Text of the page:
Don’s account of his White Water Kayak Leader assessment

Mark in action

I’d like to share my experiences from recently completing the new 2-day British Canoeing (BC) assessment, White Water Kayak Leader (previously call 4 star white water kayak). The BC web site provides details, but the main aim is to be able to lead a group of four paddlers of BC 3 star standard on river graded 2/3. You also need to demonstrate personal paddling and rescue skills, and theory. www.britishcanoeing.org.uk/courses/white-water-kayak-leader/

I did the training last year with Andy Turton (tynantoutdoors.com) and since we had a good time we booked him for the assessment and I’d certainly recommend them. It was a dry January week leading into our weekend in North Wales. You need two days on different moderate white water and they can’t both be the Dee, so when we heard the Tryweryn was not releasing it was almost cancelled. But the less paddled Vyrnwy, another dam release river, was. It was also a really good river for this grade and leading newer paddlers. Lots of interesting sections, small rapids, eddies to catch, blind corners, small waves to play on.

There were 4 people being assessed, including myself, 4 intermediate paddlers to be led and one assessor. The assessor rotated who was leading, the others had to mostly hold back and not assist. When I was up to lead the very first obstacle was a low bridge whose arches were full to varying degrees of tree branches. So first bit of leading was a portage and walk round a field, interesting start. Back on the water things picked up, with a number of rapids and tricky corners successfully behind us. Only main difficulty was trying out an eddy hop on a longer rapid section which ended with a swift change to “all down!!” as people started falling out of the small eddies.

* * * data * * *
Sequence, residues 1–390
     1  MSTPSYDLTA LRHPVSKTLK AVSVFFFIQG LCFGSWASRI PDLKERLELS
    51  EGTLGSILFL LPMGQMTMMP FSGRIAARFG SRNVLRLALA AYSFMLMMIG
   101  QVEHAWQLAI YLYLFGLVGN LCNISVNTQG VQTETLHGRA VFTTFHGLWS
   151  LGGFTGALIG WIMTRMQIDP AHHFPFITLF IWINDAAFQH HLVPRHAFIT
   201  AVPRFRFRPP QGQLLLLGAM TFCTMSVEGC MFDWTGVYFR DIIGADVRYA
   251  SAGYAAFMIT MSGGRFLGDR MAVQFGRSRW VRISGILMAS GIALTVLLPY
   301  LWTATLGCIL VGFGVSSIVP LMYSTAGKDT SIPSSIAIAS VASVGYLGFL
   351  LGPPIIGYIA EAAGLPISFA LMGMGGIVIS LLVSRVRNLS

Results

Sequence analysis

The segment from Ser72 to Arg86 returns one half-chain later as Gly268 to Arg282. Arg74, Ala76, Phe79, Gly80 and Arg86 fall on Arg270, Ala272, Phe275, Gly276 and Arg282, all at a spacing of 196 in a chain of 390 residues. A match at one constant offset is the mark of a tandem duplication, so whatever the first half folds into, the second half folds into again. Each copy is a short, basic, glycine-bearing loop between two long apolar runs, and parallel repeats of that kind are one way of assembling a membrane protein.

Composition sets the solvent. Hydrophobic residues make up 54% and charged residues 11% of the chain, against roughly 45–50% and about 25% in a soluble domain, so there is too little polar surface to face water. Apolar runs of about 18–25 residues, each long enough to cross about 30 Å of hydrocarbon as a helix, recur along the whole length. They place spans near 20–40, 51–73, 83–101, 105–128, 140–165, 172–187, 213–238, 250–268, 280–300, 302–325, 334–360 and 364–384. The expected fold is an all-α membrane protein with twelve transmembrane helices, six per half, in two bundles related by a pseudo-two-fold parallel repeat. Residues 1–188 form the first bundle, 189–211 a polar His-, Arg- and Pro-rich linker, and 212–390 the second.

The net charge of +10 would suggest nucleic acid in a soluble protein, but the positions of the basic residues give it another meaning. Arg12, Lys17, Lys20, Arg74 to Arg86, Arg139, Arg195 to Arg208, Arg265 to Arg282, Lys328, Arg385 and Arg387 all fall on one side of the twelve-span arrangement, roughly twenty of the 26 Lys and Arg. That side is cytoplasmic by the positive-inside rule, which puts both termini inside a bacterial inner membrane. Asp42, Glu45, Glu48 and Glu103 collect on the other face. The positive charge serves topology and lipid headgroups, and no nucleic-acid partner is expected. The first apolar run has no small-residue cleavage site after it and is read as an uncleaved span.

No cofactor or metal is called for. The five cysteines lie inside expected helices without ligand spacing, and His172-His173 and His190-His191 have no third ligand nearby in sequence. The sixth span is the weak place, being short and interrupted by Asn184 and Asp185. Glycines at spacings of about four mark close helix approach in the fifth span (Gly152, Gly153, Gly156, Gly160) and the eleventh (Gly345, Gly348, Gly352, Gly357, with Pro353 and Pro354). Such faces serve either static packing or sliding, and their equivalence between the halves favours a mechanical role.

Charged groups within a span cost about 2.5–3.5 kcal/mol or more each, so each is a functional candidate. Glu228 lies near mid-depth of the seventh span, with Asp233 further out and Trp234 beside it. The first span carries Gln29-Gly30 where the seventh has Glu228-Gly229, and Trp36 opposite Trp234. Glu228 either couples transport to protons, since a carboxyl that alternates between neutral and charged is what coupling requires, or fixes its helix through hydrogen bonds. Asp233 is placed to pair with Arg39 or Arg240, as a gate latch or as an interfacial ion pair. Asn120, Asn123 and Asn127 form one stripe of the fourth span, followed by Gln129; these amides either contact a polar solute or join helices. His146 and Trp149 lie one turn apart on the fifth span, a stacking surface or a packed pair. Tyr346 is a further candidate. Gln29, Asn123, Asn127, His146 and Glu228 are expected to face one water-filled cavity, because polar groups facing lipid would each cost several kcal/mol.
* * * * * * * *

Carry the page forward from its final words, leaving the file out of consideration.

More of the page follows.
Although my leading ended I managed to demonstrate my rescue skills, racing to a paddler stuck in a tree. I quickly pulled him and boat out, while being live baited. Unfortunately said paddler took another little swim on the next rapid and I decided to walk out with him. But our walk was not long as most of the rest called it a day due to the failing light levels. The second day was on the mighty Dee and covered all you would expect up to Mile End Mill. We got on above Horseshoe Falls and this section is really good for beginners.

I’ve paddled a number of years and much of the course felt familiar as I’ve picked up directly and indirectly good practices from experienced Regents paddlers. Every time I’m on the river I observe really good skills or ways of communicating, but also learn from mistakes which inevitably happen. River leading is not easy and it is a continual learning process. The dynamics of the river and multiple paddlers places a great responsibility on the leader.

Usually with Regents we peer paddle or have groups with a range of experience. This is a great help to me but can mean I rely on other for things I’m less good at. In the assessment you have to demonstrate good all round ability, which is challenging but focuses your attention to improve on those known weaknesses or less practiced areas.

Some things which the course made me think about are: planning, preparing and thinking ahead; visualising the river in terms of the ability of those you are leading; quickly adapting to situations; instilling confidence in those around you; creating a fun adventure for all the group.

I think the course is valuable for all intermediate paddlers who are looking to develop or more advanced paddlers who may or may not be already leading.

I started a River logbook, which is required for the course, and provide this to fellow members as an example. I think it’s really useful and wish I started it earlier in my paddling career.

Mark Donaldson